Posted tagged ‘Public Safety’

Hot Spots in Park View are MPD Priority; Non-police Services Need to Step Up

September 27, 2019

Violence, and in particular gun violence, in Park View is something that many residents are deeply concerned with right now and with good reason. With 4 homicides in the neighborhood compared to 1 in 2018, crime has become notably more deadly — not just in Park View, but also in Columbia Heights and other neighborhoods across the city. Many neighbors question just what is being done to restore public safety in the community, and what is being done to address longstanding problem areas like the 600 block of Newton Place, NW. In order to get a better handle on how crime in Park View is being addressed, I met with MPD’s Patrol Chief Lamar Greene and the Fourth District Commander Randy Griffin to discuss what MPD is doing, and where other agencies or services may be falling short.

For context, I am including the 2019 year-to-date data for violent crimes report from DC Crime Cards below. While it shows overall violent crime is down, it also shows significantly that homicides and robberies are up in the neighborhood. It is also important to note that shots fired with no victim is typically not a category represented in the results, so this isn’t truly an accurate snapshot of gun events.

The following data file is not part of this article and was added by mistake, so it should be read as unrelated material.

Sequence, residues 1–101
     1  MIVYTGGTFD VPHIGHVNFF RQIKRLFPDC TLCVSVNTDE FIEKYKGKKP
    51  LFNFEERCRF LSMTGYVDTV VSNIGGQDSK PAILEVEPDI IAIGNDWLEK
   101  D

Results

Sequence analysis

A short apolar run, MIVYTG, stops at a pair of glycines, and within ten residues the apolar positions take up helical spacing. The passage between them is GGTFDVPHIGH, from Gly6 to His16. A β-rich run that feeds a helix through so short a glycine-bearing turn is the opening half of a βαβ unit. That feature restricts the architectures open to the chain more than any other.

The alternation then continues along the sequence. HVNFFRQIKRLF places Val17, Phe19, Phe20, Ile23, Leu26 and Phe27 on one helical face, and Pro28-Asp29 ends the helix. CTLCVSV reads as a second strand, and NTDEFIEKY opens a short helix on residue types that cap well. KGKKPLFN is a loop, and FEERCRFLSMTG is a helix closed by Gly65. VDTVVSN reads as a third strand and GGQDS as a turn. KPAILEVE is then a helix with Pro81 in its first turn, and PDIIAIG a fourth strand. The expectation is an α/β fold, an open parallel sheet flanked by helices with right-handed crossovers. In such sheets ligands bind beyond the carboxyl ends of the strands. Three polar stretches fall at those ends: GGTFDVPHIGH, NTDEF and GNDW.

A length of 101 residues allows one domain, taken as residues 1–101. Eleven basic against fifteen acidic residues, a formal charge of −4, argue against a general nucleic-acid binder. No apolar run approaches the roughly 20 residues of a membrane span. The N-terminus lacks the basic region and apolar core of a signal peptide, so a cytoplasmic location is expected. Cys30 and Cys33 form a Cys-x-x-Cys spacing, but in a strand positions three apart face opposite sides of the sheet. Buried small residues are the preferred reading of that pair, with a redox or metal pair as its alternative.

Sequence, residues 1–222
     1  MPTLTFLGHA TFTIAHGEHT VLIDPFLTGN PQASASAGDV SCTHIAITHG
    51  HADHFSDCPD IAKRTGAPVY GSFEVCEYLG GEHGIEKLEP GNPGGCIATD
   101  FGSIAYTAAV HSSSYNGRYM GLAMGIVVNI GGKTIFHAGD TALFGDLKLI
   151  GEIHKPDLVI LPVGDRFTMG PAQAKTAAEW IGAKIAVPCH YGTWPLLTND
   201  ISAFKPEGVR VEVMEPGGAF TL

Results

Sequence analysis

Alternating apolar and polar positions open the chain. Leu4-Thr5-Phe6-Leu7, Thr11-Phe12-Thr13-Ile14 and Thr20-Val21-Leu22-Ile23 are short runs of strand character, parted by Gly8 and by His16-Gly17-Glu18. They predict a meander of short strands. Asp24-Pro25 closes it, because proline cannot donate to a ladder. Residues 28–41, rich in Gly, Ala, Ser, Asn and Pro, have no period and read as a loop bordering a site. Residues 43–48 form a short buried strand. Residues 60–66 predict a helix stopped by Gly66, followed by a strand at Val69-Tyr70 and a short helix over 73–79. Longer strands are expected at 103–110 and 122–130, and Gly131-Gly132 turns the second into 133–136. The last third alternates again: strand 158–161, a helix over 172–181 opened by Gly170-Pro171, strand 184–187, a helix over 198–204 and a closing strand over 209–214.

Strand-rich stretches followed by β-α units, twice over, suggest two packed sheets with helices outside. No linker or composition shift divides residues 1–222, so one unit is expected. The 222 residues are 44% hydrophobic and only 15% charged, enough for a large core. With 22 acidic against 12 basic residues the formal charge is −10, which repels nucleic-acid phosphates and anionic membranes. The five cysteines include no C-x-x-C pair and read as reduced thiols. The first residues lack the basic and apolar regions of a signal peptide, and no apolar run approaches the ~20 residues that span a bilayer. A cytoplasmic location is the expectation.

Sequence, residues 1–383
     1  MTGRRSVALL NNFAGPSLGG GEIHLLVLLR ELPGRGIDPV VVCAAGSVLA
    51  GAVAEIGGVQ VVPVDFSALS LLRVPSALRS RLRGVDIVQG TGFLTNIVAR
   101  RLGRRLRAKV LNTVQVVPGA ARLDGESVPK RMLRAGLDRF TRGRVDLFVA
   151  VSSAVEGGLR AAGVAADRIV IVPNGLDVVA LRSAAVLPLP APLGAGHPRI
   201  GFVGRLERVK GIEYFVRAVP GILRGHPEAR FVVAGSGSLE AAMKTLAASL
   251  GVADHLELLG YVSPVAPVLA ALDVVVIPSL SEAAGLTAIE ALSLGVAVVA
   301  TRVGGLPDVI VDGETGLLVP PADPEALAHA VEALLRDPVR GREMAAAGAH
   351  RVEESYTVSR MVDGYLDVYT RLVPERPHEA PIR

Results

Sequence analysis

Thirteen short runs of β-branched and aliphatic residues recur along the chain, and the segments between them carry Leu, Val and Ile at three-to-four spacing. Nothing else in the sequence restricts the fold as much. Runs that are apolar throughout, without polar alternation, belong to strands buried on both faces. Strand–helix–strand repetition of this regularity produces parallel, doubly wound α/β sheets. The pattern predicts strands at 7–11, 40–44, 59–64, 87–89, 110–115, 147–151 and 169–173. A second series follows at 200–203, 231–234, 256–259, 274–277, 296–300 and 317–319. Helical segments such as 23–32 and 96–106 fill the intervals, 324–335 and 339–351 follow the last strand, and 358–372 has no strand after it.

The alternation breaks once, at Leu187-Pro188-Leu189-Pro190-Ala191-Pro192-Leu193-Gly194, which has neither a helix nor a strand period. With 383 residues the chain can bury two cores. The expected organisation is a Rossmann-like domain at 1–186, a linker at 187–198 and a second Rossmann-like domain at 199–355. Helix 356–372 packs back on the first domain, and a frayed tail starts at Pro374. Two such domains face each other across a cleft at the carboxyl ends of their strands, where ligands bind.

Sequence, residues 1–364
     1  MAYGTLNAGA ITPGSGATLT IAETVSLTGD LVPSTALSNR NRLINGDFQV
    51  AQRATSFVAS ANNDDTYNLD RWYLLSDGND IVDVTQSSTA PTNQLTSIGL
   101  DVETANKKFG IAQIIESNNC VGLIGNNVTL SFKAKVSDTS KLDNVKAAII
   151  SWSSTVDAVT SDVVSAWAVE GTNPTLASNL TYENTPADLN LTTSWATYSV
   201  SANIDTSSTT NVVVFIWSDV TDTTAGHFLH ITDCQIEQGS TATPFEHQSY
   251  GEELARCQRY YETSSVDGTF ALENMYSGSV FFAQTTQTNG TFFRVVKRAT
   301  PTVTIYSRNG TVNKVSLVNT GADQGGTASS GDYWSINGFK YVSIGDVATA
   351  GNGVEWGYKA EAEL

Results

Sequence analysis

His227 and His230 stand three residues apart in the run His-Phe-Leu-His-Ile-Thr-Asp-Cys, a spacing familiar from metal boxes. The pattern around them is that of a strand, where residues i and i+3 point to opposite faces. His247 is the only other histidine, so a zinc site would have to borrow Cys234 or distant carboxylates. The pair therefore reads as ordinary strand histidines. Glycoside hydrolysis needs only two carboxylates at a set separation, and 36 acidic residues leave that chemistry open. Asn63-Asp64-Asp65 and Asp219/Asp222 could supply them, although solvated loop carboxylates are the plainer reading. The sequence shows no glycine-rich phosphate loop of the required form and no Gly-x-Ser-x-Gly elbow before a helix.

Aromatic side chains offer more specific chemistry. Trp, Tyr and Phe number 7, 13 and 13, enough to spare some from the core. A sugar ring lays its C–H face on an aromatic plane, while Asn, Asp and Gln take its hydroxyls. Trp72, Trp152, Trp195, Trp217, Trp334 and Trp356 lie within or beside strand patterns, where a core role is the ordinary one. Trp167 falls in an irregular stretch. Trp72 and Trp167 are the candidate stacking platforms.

Violent crime in Park View for 2019 year-to-date (captured on 9/27/2019)

Following the shooting on the evening of Tuesday, September 24th, PC Greene shared the following:

Our team has and will continue patrols in the very challenging areas of [the] 600 blocks of Newton, Princeton and Park Morton.  The team has made many arrests in that area working along side our citizens.  The victim has even been arrested within the block as well.  Our investigative team is working the case and will determine all facts leading up to this shooting.  I will keep you all informed as the investigation progresses.  The Narcotics and Special Investigations Division, Commander Griffin and the Fourth District members will continue their efforts in this area.

Adding to this, Commander Griffin responded:

I can assure you that there is regular patrol in the area and the officers have been very busy.  In the past 6 months my team has affected 18 gun-related and drug-related arrests specifically in the 600 blocks of Morton St., Newton Pl, and the 3500 block of Georgia Ave.  My patrol members will continue their efforts and will investigate, apprehend and arrest the individuals in the area who have shown a blatant disregard for public safety.